Small: three ways to make yarn without a spindle or wheel



This post is part of our series about small things you can make with what you’ve got to hand. Projects don’t always have to be big, complicated and involve buying lots of new and possibly expensive materials.

Let’s start with yarn. Making yarn might seem daunting but the truth is there are lots of simple ways to make it. You don’t need any special equipment to make yarn. Just scissors and maybe some handcards.

sock becomes yarn

Rag yarn

Let’s start with some old socks. You know the ones where the heels and toes have worn out but the rest of the sock is fine and even made out of some warm fluffy material? Do you throw these away? Or make them into yarn?

Start at the cuff and cut a spiral around and around the sock, avoiding bits that are worn.

It knits up nicely

This yarn can be knit up, but unless you have lots of identical socks you’re not going to get tons of yarn from a pair. I would use this yarn for rag weaving. (future post!)

Obviously you can cut up any fabric and make it into yarn. There’s a cool Saori-made tool called a Sakiori cutter designed specifically to cut fabric into long strips for weaving.

Silk hankies

a dyed silk hanky

Silk hankies are squares made of cocoons that have been softened and then stretched onto a frame-layer upon layer. The hankies can be dyed and spun, but you can also use them for paper making or felting.

knitted silk hanky–no spinning

You can also knit straight from the hanky–no spinning! There are a lot of great youtube videos on silk hanky and silk cocoon uses. I’ve made a pinterest board showing some of them. Here’s a video on how to knit from the silk hankies–featuring a cat.

Silk hankies are cheaper than most silk you can buy to spin. You can even make your own. Here’s another helpful video if that’s something you’d like to try.

Finger-twisted ‘pencil’ roving

You don’t need to spin wool to make it into yarn. There are lots of roving-like (unspun) yarns on the market. Noro does one called Rainbow Roll. So does Alafoss an Icelandic yarn brand. It’s called Plotulopi. You can easily make your own using the finger twisting method or simply by pulling some combed wool through a diz.

I used my handcards to make some rolags which I then pulled out into a long, thin rope. You can knit right away, adding a little twist with your fingers as you go. Don’t worry if the yarn breaks. You can reattach it simply by twisting or rolling the two ends together with your fingers.

rolag rolled into a ball

Nuno felting part one: rub n’ roll


Nuno felting is one of those techniques I’ve always admired and wanted to try, but never got my act together to do. A couple of months back I bought Felt Fabric Designs by Sheila Smith and again my interest in nuno felting was piqued.

I was particularly interested in some of the techniques Smith shows “laminating” fabrics using felt and also upcycling thrift store scarves and fabrics into felted patchworks.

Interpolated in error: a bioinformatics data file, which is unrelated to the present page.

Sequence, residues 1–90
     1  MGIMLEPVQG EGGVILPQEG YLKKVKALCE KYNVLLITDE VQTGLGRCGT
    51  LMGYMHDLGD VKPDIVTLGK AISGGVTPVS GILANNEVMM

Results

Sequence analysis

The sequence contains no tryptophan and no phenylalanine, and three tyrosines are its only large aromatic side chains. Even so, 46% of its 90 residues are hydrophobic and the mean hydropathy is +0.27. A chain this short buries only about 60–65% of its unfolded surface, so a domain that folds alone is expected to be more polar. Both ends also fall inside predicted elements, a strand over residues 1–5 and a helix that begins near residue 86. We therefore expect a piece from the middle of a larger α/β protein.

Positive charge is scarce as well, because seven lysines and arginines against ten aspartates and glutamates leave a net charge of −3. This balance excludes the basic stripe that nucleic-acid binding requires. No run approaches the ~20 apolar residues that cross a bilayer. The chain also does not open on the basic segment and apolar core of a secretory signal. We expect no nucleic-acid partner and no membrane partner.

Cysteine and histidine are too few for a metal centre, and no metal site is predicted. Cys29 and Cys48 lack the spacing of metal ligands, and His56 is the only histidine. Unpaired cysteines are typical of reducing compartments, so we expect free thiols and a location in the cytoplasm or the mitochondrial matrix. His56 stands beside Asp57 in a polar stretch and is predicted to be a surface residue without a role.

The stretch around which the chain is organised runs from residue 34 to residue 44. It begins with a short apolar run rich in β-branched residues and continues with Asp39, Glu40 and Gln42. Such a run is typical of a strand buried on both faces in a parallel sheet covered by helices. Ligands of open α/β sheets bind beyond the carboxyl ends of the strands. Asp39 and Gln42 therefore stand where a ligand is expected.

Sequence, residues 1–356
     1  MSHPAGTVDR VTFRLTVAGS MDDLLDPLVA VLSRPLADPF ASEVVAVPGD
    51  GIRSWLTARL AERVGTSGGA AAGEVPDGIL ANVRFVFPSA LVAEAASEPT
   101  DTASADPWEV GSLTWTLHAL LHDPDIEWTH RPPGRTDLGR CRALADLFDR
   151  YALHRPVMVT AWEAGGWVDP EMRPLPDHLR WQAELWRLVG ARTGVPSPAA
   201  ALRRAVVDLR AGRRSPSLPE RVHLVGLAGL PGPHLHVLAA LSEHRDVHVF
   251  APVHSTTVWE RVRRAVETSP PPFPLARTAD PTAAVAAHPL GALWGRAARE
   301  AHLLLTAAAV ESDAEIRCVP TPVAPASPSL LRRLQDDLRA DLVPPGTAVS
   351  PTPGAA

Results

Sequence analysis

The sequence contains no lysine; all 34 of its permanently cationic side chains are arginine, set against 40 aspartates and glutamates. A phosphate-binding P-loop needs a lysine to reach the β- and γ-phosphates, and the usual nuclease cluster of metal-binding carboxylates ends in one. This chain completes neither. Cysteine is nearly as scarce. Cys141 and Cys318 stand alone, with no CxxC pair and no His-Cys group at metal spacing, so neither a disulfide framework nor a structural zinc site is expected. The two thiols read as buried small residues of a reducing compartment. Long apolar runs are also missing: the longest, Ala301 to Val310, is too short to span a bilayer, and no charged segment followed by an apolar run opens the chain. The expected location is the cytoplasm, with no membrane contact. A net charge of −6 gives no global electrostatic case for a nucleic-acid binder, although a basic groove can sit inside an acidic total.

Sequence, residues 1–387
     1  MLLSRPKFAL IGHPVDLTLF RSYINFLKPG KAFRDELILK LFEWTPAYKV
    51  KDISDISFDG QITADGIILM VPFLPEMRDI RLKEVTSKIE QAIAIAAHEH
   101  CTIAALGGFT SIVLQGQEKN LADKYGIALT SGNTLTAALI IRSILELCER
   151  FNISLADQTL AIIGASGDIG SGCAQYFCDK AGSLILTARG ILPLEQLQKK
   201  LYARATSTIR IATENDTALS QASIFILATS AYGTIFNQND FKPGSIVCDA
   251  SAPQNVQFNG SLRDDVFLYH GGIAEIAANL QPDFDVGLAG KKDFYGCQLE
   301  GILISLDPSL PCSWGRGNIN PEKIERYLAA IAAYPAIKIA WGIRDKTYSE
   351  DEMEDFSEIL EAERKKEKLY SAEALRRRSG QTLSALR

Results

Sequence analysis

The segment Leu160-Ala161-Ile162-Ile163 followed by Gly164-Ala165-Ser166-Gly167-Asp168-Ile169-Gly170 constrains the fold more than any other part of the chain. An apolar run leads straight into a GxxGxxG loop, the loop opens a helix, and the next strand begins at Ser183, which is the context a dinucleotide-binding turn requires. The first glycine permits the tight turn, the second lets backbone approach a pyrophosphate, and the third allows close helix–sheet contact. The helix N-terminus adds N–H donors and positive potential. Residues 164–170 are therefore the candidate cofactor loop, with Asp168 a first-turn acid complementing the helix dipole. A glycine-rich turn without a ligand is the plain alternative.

But I haven’t tried any of those techniques yet. Usually I dive in and try techniques even if they’re a bit complicated, but this time I tried some of the simpler nuno felting processes.

After a rummage in my closet I found a scarf I’ve never worn. It’s an open weave and 100% silk–ripe for nuno! Here it is on the table before felting. It’s on a strip of bubble wrap. I’ve spread light layers of Wensleydale roving and silk fibers on top.

100% silk open weave scarf readied for nuno

100% silk open weave scarf readied for nuno

The next step was to cover with an old net curtain, wet down with cool water, smooth some olive oil soap over the net curtain and begin to rub!

My good friend and avid felter Gaynor was on the scene to offer advice and lend her fingers for rubbing!

Gaynor flipped the fiber-covered side face down onto the bubble wrap to give it a little extra rub

Gaynor flipped the fiber-covered side face down onto the bubble wrap to give it a little extra rub

The bubble wrap provides the friction to felt the fibers into the silk scarf. Rubbing the fabric and fiber through the net curtain starts the felting process. Once you can peel the netting off without the fibers sticking to it, you remove the netting, place another layer on top then roll it up and begin to roll.

Gaynor’s tip for rolling the fabric in the bubble wrap was to roll the whole thing in a towel and roll it and then roll it some more. We didn’t keep an accurate count but I’d guess we rolled it a few hundred times in each direction?

What do I mean by rolling it in each direction? Well, once you roll your piece of fabric a few hundred times, unroll the bubble wrap bundle and re-roll it from the opposite direction and start the whole process again. It’s good to have a friend to help with the rolling if your arms get tired or you get a bit of finger ache.

Once you’re satisfied the fiber has mingled (or stuck) to your fabric give it a rinse in very hot water. Wad it up in a ball and throw it into the sink a few times. Then rinse with cold water. Take a look at your fabric. Have the fibers you’ve applied felted into it as much as if you would like? If not, give it a few more rolls in the bubble wrap and then the repeat the hot/cold rinses and throwing process.

Gaynor and I found that with this scarf, silk felted really well but the Wensleydale took a lot of persuading. If you’re after a shiny or even metallic effect go for more silk, less wool. Once the fabric is dry give it an iron, which brings out the silk’s shine.

Here’s my final product. I love how this technique has turned a drab unworn scarf into something I’m now wearing all the time. Interested in some amazing nuno felting? Check out the Sheep Cabana Pinterest board.

Finished scarf: drab to fab!

Finished scarf: drab to fab!